Title: Bone Gap
Author: Laura Ruby
Genre: Magical realism, contemporary, young adult
My Rating: ★★★★
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“The face that the world sees is never the sum of who we are.” I was thumbing the blurb’s print on the roughish dust jacket of Bone Gap when my fingertips stopped at this line, the last one dangling at the end. It struck a chord with me. Lately I was contemplating about appearances, about the metaphorical masks we put on when we bottle up feelings or when we don’t want the society to judge us for who we really are. With its ambiguous synopsis, would the book be able to quench my curiosity?
It did, but in a way I did not expect.
The story unfolds in the small town of Bone Gap, which couldn’t have been more aptly named. Patched together by sleepy cornfields, neighbourly bonds, and gossips with little to no drop of truth in them, the Midwestern farm town is full of gaps—instances and realizations where people could just slip into when they think they no longer want to be part of the town. Brothers Finn and Sean O’ Sullivan, for instance, have been orphaned twice, first when their mother hightailed it to Oregon with a new man and second when the inexplicably beautiful Roza disappeared from their lives.
The town did not think anything is amiss with Roza’s disappearance, as they are used to people leaving them. But eighteen-year-old Finn knows Roza did not leave on her volition; he saw her being kidnapped by a man whose face he could not quite describe. Since he could only identify the man by the way he moves—“like a cornstalk in the wind”—the police and the people of Bone Gap starts doubting him, even believing that he has helped Roza go away. Finn could handle that. What he could not is when his brother Sean seems to side with the town…which is not really that surprising, since Sean has given his heart to Roza the night the mysterious girl appeared in their barn after escaping an unknown evil.
In a series of events that marries dream and reality, the readers are introduced in a world awash with mystery and magical realism. I love how the story cradles Easter eggs lifted from the pages of D’Aulaires’ Greek Myths, with the starker ones pointing to the tale of Persephone and Demeter. The prose, which bears the beauty of lyricism and the subtlety of poetry, are helpful in binding the different realities of the novel together. I initially did not know that the book is tinged with fantasy, which is why it took me by surprise when the magic in it turns out to be not merely metaphor but real magic. It was a nice touch, especially when you get to pick out the references to other literature.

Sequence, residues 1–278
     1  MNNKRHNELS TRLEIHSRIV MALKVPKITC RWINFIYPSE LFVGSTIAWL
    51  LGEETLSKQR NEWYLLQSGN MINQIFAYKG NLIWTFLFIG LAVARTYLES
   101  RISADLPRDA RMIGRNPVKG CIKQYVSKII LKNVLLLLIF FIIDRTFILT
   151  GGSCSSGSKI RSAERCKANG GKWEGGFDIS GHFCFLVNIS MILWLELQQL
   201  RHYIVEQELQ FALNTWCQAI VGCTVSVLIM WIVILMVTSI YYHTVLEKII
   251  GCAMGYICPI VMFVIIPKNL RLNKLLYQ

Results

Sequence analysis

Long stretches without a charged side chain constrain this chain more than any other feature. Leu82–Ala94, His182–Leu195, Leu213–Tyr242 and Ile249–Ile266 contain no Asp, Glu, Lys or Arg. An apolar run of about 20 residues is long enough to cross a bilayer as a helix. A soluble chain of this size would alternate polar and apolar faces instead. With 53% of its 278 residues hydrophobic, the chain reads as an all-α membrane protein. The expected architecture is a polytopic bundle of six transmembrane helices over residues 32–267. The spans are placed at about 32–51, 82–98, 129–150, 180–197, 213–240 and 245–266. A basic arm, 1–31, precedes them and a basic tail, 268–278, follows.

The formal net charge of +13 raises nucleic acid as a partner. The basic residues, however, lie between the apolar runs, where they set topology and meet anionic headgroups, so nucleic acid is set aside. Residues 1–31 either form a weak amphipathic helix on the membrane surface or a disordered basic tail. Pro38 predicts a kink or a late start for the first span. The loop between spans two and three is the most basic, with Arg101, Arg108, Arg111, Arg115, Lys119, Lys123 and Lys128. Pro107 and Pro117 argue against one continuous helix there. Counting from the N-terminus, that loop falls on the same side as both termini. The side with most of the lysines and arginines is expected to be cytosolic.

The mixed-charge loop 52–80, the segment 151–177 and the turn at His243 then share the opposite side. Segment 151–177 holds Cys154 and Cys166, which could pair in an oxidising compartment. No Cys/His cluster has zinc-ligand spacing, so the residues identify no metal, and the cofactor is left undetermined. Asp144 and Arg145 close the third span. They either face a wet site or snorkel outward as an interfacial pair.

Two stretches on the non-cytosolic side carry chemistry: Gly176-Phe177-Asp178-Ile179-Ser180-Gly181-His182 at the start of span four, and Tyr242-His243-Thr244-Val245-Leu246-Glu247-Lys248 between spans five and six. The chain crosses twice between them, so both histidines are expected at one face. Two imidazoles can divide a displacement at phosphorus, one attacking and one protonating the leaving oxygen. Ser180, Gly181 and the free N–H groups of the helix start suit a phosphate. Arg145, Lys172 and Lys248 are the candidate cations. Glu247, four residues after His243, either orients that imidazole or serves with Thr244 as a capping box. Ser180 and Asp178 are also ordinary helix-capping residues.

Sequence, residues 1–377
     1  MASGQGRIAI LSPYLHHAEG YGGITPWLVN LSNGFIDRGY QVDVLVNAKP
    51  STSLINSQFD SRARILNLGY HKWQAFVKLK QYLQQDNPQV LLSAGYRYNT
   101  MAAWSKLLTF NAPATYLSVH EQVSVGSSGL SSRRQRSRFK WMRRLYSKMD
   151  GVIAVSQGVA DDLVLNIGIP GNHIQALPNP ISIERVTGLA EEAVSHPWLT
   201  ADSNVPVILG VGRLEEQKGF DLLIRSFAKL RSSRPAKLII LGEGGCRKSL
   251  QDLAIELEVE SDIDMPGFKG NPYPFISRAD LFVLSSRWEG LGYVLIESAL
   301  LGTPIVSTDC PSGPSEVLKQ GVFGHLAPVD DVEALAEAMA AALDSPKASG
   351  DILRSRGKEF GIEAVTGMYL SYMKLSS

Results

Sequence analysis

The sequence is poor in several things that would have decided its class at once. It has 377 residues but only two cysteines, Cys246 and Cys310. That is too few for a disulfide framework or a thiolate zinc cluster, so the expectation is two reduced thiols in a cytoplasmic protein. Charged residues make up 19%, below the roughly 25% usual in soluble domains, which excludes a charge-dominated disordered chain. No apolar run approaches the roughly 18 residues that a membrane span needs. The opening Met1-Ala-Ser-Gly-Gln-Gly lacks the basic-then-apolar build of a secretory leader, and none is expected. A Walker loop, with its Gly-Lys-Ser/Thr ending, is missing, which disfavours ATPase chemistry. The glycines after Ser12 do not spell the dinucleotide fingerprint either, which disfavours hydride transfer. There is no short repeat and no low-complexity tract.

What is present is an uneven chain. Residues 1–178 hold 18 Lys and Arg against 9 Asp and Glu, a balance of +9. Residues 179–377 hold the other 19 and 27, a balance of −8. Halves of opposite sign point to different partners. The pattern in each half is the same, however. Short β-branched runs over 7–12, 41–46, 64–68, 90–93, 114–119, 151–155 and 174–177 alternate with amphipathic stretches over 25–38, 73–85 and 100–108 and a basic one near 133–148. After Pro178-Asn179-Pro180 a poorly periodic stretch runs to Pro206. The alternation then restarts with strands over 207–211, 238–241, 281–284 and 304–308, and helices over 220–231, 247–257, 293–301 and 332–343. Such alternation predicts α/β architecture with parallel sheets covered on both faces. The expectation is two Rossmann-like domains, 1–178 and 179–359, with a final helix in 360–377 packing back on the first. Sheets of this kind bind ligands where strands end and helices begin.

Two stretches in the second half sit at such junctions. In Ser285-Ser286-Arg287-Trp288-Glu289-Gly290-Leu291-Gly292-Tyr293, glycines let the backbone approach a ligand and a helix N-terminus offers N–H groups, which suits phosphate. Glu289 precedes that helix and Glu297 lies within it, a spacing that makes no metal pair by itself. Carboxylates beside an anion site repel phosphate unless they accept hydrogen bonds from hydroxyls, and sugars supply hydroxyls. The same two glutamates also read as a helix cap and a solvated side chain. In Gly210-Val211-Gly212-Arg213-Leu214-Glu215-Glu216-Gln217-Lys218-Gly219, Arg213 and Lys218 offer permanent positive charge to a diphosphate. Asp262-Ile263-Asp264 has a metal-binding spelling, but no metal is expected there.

Most of the characters are indelibly endearing. Finn, who earns the nicknames Moonface, Sidetrack, and Spaceman for always seemingly drifting and not looking anyone in the eye, is a precious character whose development throughout the novel is palpable. I love how his “distractedness” became also useful in making the third-person POV a little unreliable. This makes the chapters enchanting to read, with essential twists at every turn.
The novel also dips its edges into romance, but not of the cloying, sweet kind. Pretty boy Finn finds himself uncontrollably enamoured with Petey, the feisty and not-so-pretty bee-eyed daughter of the town’s beekeeper (much to the bafflement of the whole Bone Gap, of course). A heart-aching revelation explains this unconventional attraction, but headstrong Finn refuses to back down. His love for Petey is real, no matter what.
Fairytales drop by here, too, but in a style that reverses their Disneyfied formula. Whereas the traditional ones include poor, pretty girls in the dirt who get swept up and brought to castles to live the life of princesses, the one we have with Bone Gap includes a poor, pretty girl who actually enjoys working in the dirt and is not interested in a living in a castle with you, thank you very much. Stockholm syndrome is eschewed here in the process.
Unfortunately, the poor, pretty girl in question—Roza—shapes up to become the story’s Mary Sue. She is beautiful to a fault, charming enough to captivate the whole town (and basically everyone she gets in contact with, including otherworldly abductors), and in possession of little “flaws” that are not flaws at all. In other words, our little Polish girl is just too good to be true. I believe that with more believable imperfections (and a bit more of personality development), she could have been more humanized.
But over all, the story is still good; it is up there with my “most unputdownable” list. It dissects what real heroism is—should it should always involve brawn and good looks, of Knight-in-Shining-Armour treatment, of definite hubris on the sides of saviourism? Or is it enough to have bravery and steadfast belief in the midst of doubters and critics, of a good heart beaten by disquiet but unbeaten by hopelessness? Here, the princess did not get saved by her prince, but by another young man with a disability he did not know and a need to get himself a family again. Here, the prince shuts off the world and retreats inside himself to brood and simmer in stoicism. Here, a not-so-pretty maiden gets her heart broken by a love that she thought made her beautiful, only to be washed away by a reality that sneakily hid itself in masks. Here, we are reminded that true love does not require seeing what others could, if it could already see what it needed to in order to remain alive.
Four stars for an amazing read.